The segregation of discontinued operations from, and therefore the reporting of, continuing operations in the income statements of companies is a helpful aspect of financial reporting. By separately reporting the results of discontinued operations using a sufficiently low threshold for inclusion, companies effectively recast their historical income statements on a pro forma basis for disposal activities, making trend analysis and forecasting easier. A newly issued U.S. accounting standard is raising the threshold as to what qualifies as a discontinued operation, so that fewer disposals will be reported as discontinued operations. As a result, "continuing operations" likely will be tainted by the results of dispositions that no longer meet the higher threshold, thereby providing less relevant historical financial information and potentially hampering analysis. Financial-statement users will have to rely on management to provide needed information that may not be disclosed under the new rules to make their own pro forma adjustments.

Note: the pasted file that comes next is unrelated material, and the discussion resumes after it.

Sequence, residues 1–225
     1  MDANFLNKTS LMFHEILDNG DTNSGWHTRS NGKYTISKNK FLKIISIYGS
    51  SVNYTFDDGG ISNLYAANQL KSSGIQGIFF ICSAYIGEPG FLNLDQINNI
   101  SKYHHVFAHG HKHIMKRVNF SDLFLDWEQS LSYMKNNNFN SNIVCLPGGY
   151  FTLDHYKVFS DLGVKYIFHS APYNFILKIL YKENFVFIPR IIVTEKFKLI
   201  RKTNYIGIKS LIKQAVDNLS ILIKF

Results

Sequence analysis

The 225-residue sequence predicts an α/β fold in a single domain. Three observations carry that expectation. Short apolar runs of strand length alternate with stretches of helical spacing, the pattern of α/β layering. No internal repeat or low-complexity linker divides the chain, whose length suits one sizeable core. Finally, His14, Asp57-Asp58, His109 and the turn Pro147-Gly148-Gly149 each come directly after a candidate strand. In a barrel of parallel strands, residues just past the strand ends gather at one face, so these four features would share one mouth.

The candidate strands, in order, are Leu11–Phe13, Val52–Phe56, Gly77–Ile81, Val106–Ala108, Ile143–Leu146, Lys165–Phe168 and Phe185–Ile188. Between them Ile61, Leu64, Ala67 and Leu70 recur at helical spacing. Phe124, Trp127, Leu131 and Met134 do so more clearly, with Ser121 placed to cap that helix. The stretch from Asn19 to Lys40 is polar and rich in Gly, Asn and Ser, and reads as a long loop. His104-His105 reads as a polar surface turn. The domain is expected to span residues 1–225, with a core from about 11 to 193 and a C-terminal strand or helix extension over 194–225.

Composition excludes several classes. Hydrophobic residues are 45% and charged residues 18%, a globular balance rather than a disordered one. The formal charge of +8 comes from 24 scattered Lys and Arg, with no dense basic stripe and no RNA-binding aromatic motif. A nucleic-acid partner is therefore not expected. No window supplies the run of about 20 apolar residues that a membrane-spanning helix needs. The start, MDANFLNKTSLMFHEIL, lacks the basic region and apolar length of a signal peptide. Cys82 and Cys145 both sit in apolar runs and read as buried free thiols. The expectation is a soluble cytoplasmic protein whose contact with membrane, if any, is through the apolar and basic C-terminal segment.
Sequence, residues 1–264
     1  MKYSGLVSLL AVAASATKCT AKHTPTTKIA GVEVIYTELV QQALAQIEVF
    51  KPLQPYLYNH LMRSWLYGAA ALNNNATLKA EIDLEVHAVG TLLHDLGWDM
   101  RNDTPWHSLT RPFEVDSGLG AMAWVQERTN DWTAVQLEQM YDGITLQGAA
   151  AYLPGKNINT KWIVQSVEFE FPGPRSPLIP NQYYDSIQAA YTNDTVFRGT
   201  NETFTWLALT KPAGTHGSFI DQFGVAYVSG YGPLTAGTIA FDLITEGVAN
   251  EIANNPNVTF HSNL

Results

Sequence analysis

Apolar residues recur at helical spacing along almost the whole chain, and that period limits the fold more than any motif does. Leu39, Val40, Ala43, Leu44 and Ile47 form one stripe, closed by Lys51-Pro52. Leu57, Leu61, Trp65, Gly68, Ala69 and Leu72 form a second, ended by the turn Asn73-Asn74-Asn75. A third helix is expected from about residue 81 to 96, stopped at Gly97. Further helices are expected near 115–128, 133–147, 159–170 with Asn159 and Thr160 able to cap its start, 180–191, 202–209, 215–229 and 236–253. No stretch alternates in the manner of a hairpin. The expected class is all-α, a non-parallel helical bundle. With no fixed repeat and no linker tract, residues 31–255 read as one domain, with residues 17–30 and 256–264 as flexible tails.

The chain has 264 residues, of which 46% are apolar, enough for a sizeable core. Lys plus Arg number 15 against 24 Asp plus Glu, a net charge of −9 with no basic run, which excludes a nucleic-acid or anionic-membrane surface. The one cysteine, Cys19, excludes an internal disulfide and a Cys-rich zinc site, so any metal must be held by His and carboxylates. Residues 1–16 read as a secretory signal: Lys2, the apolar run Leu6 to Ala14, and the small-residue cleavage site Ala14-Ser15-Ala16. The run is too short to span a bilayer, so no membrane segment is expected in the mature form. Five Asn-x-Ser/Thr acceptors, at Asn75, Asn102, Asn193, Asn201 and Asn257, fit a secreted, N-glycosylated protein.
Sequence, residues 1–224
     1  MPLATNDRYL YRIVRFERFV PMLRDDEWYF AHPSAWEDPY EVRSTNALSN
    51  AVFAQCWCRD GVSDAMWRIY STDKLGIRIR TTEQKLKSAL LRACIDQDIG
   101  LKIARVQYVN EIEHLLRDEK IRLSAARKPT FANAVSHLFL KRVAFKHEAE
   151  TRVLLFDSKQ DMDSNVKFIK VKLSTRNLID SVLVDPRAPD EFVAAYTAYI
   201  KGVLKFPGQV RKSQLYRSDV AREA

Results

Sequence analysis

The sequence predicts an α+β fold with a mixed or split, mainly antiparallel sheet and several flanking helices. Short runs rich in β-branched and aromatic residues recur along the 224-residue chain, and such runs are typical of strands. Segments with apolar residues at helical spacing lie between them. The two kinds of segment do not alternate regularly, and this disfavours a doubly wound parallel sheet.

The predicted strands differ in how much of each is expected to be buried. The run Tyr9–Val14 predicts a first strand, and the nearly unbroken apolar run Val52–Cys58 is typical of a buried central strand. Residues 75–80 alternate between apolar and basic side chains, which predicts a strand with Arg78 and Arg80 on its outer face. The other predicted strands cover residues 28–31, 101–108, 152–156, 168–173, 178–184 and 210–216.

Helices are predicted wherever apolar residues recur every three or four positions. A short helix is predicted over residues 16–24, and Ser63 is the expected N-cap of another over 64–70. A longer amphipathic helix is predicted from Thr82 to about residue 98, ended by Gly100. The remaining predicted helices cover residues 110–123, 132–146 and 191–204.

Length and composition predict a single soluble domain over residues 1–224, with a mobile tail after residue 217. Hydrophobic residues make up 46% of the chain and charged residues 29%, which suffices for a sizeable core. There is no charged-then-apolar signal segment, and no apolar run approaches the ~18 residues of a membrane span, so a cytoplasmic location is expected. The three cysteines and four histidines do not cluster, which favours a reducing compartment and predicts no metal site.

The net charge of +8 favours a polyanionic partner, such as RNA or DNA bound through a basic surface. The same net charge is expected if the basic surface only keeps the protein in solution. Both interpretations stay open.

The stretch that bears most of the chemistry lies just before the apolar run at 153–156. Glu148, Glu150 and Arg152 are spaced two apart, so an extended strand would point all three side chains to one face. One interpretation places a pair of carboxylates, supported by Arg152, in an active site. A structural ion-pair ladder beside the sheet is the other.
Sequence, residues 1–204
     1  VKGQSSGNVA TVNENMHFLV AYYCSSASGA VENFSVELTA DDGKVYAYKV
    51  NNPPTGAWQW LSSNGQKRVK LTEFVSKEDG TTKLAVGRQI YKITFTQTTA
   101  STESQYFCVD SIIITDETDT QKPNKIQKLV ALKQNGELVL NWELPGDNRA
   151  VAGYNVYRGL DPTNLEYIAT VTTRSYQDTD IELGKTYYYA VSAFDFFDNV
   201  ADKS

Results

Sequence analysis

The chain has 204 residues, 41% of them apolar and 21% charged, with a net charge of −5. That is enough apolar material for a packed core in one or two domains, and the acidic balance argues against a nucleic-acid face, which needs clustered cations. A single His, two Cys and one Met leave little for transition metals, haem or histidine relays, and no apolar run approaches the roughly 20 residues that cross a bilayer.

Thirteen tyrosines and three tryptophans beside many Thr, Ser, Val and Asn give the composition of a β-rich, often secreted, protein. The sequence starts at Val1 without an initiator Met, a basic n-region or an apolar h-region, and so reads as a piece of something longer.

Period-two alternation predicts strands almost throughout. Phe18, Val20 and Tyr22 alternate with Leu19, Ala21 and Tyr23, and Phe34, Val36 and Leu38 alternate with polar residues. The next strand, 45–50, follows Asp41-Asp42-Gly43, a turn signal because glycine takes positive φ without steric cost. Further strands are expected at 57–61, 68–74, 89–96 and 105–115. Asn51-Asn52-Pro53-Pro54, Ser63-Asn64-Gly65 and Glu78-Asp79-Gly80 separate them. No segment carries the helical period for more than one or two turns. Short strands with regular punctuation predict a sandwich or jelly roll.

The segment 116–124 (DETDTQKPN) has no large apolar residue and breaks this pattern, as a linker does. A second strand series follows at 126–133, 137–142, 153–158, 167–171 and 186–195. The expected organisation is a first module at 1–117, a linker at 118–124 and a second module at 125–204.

U.S. Homebuilders And Building Materials Companies Hold Up Well Amid A Slow Housing Recovery

Matthew Lynam, Director
Maurice Austin, Associate Director

Standard & Poor's ratings outlook for the U.S. homebuilding sector and building materials companies remains broadly stable with a positive ratings bias, supported by our expectations for a continued favorable, but uneven, national housing recovery. In this CreditMatters TV segment, Standard & Poor’s Director Matthew Lynam and Associate Director Maurice Austin discuss the factors that contributed to this outlook.